After introducing a measure for educational polarization (EduPol), this paper presents a theoretical framework to understand whether and how EduPol may affect the contest for power in society. The model suggests that societies with high degrees of EduPol (i.e., substantial shares with either no or university-level education) are systematically more prone to civil unrest. We test this prediction on four measures of civil unrest: Political instability, domestic terrorism, civil conflict, and civil war. Our empirical estimations produce evidence consistent with this hypothesis as all four phenomena are positively associated with EduPol at the beginning of the respective period, exhibiting meaningful magnitudes. These results prevail when accounting for (i) potentially confounding factors, (ii) country- and time-fixed effects, (iii) economic inequality, (iv) ethnic and religious polarization and fractionalization, and (v) numerous alternative estimations and outcome variables.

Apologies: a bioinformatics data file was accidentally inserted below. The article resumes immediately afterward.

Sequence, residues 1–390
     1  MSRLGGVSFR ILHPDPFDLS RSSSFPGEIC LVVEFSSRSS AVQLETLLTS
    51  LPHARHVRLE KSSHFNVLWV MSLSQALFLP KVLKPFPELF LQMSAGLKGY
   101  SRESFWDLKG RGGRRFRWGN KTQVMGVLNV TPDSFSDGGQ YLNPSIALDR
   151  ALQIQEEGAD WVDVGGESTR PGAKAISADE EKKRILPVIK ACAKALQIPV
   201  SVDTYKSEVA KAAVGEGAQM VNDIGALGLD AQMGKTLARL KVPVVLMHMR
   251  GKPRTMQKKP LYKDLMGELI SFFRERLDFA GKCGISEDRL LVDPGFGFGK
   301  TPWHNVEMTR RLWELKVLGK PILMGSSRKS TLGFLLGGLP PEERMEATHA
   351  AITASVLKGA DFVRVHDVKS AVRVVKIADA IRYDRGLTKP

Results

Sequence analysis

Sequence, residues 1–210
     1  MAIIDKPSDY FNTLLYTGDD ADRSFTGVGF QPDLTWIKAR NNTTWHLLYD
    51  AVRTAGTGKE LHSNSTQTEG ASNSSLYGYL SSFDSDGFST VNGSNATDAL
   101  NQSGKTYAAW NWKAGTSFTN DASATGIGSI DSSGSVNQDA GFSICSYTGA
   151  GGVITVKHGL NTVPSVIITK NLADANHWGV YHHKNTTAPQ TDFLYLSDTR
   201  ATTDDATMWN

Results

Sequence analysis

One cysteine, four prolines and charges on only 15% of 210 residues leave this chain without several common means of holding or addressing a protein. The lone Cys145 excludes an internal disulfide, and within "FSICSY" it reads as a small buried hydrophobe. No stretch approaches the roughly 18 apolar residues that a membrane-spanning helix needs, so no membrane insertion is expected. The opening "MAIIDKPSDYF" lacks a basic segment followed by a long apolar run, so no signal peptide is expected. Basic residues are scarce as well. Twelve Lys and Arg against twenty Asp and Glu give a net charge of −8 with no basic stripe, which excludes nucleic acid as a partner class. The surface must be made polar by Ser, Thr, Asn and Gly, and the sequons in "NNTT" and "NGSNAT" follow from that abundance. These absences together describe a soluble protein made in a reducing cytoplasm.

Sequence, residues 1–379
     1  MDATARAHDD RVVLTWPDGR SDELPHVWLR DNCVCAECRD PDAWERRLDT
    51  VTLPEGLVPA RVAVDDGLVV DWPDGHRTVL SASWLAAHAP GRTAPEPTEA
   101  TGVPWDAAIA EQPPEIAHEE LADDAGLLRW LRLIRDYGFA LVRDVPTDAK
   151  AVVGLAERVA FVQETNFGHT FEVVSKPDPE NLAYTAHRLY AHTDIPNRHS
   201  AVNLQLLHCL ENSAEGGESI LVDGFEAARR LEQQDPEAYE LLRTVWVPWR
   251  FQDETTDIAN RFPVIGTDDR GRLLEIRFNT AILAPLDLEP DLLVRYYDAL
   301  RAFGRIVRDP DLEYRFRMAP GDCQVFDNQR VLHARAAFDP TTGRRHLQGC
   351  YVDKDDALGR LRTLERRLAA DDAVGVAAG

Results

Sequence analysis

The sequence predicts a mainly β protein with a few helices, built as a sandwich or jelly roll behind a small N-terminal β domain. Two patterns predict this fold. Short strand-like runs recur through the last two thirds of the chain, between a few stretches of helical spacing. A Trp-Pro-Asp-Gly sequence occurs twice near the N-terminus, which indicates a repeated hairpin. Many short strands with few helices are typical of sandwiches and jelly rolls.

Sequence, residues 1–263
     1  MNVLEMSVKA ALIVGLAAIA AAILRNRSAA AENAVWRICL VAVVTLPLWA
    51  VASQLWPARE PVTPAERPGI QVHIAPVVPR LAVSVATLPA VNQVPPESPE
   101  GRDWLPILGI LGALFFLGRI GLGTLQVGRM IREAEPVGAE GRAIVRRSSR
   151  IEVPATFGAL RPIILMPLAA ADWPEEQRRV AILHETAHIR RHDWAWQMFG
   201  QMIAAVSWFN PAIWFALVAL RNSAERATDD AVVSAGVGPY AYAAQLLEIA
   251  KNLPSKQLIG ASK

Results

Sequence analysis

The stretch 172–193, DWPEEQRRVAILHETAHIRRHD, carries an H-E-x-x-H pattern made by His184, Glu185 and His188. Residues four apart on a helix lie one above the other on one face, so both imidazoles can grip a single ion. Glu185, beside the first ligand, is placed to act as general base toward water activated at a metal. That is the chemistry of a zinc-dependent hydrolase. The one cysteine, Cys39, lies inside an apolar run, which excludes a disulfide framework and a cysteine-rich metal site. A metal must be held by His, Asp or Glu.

QED Working Paper Number
Civil conflict, civil unrest, civil war